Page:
It is possible for children who are appointed as final heirs in a Berliner Testament (Berlin will) to ultimately come away empty-handed. To afford the children greater protection, a so-called Wiederverheiratungsklausel (remarriage clause) can be inserted into the will.
GRP Rainer Lawyers and Tax Advisors in Cologne, Berlin, Bonn, Düsseldorf, Frankfurt, Hamburg, Munich, Stuttgart and London conclude: In cases involving a Berliner Testament, also referred to as a spousal will, spouses mutually appoint each other as sole heirs. In most cases, the children they have in common are then appointed as final heirs, i.e. they will not come into their inheritance until both parents have passed away. This entails a certain degree of risk for the children, since it is possible for the estate to have been exhausted by that point in time. Things can become particularly problematic if after the death of the first spouse the surviving partner remarries, because the new partner is then entitled to inherit as well.
A remarriage clause can afford protection for the children’s inheritance in this instance. The provision stipulates that in the event that one of the spouses marries again, the final heirs as defined in the Berliner Testament shall inherit at the time of this marriage. This effectively separates the surviving spouse’s assets, with the partner to die first’s estate only going to the children who were appointed as final heirs. The new spouse is then only entitled to inherit his or her own assets. That being said, when it comes to these types of remarriage clauses, it is important to be mindful of the proper wording to ensure that there is no room for interpretation and no inheritance disputes at a later date. It must also be borne in mind that it is possible for these kinds of clauses to be construed as contrary to public policy.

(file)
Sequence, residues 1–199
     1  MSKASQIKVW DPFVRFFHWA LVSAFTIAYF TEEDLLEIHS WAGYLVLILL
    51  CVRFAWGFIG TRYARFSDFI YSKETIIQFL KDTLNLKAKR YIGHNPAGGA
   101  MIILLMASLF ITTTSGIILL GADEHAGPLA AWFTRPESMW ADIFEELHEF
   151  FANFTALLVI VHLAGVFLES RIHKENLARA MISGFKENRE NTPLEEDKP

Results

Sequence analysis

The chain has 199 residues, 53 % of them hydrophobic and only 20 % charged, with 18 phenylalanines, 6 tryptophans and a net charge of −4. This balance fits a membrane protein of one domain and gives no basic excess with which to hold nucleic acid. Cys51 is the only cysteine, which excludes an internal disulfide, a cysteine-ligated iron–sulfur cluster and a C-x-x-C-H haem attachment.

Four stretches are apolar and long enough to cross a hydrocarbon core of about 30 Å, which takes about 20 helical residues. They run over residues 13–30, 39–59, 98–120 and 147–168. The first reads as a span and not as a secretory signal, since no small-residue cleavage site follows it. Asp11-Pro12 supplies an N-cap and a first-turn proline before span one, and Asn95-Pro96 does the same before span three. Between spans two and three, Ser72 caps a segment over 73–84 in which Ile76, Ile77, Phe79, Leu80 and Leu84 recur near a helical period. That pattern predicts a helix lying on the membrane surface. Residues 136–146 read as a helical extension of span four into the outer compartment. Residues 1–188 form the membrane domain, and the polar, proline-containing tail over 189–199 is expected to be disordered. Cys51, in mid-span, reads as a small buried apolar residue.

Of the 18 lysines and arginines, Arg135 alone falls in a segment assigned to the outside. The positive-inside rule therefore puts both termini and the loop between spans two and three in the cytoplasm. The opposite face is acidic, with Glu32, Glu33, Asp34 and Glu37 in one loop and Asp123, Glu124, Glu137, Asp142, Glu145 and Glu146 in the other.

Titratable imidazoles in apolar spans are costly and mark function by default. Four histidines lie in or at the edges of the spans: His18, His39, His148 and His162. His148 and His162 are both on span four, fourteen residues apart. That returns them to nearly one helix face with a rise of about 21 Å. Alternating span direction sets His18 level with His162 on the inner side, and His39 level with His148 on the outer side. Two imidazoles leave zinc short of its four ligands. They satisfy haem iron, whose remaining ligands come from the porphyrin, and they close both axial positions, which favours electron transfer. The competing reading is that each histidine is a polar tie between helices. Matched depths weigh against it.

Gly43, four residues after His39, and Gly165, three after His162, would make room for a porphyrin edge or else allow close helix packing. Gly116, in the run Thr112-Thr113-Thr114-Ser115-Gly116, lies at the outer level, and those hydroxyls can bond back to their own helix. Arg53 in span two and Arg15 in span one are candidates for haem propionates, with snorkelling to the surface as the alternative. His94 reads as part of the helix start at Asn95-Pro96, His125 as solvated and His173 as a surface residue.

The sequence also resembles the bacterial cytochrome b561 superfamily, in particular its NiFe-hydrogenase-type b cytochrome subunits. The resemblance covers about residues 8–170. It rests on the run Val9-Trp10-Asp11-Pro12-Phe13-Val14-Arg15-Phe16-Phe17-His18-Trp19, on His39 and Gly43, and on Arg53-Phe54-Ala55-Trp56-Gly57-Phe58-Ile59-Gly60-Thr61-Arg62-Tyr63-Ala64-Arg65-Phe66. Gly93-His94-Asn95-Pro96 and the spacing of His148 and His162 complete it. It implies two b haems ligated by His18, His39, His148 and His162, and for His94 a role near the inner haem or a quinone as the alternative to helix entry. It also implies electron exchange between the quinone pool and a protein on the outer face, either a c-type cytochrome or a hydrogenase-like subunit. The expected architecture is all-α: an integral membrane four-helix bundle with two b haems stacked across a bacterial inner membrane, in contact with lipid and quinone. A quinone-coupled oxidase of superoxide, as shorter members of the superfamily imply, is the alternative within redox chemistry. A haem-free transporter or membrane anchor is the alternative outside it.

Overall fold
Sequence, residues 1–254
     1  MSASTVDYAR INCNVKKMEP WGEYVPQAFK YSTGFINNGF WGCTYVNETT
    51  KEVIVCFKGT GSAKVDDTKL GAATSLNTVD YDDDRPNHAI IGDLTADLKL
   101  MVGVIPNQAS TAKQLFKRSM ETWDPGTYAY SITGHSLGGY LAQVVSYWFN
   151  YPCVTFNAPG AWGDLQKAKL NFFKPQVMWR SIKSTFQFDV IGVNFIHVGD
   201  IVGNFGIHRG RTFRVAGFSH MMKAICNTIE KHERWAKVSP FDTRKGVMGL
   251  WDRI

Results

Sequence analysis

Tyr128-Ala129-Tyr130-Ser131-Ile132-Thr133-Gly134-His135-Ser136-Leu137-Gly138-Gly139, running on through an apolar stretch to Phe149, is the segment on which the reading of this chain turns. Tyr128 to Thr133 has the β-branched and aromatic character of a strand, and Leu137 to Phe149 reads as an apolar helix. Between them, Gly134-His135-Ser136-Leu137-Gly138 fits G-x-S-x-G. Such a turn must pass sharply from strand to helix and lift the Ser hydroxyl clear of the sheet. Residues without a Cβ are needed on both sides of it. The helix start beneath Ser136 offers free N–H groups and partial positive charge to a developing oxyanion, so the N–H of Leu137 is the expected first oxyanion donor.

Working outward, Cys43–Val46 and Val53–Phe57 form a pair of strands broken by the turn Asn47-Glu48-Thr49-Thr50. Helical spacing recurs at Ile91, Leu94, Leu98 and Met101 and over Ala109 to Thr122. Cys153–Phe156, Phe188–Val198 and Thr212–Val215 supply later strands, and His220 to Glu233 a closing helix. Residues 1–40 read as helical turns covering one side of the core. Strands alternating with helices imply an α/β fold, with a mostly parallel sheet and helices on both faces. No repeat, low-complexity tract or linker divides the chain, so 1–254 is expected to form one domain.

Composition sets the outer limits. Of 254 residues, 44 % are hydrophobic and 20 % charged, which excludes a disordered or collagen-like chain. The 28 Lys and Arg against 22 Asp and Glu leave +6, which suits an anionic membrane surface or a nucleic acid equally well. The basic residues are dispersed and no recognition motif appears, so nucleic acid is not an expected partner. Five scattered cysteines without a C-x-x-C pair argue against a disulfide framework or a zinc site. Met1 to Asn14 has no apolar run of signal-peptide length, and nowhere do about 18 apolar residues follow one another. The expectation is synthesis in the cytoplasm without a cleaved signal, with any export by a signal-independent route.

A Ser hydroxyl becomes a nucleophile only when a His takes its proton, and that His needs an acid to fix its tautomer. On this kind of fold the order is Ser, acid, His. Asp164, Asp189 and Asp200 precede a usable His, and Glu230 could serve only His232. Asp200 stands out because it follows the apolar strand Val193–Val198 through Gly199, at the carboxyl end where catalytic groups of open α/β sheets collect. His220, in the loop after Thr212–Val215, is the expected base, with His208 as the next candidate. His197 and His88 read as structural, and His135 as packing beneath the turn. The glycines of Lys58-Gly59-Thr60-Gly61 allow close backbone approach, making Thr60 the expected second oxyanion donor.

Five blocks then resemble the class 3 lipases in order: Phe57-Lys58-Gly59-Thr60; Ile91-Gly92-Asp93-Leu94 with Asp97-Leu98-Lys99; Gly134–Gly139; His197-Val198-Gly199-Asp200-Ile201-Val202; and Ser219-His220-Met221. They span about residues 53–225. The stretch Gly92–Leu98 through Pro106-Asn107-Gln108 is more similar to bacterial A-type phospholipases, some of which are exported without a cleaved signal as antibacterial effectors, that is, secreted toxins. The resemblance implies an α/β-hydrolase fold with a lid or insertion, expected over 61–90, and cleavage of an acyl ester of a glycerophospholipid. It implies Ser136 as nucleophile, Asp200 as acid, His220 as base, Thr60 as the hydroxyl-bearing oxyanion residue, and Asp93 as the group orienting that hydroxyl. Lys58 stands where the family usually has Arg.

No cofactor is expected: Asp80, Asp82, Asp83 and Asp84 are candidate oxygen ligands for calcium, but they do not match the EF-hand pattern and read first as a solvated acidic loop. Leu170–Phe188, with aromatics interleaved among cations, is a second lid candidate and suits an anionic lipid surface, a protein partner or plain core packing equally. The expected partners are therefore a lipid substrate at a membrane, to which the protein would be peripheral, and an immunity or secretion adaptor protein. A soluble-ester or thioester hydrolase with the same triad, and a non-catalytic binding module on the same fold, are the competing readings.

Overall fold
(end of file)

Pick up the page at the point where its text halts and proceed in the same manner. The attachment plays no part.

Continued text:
This is because remarriage clauses are not allowed to encroach upon the surviving spouse’s freedom to marry and put disproportionate pressure on him or her based on the fact that he or she could lose their inheritance owing to the second marriage. One possible alternative is to convert sole heir succession into preliminary succession for life. In doing so, the children’s inheritance would remain protected.
When it comes to drawing up a will, there are many pitfalls and statutory regulations that need to be observed, and it is generally not possible for a layperson to keep track of all of these. It can therefore be helpful to seek the legal advice of lawyers who are experienced in the field of succession law when drafting a will, Berliner Testament or contract of inheritance.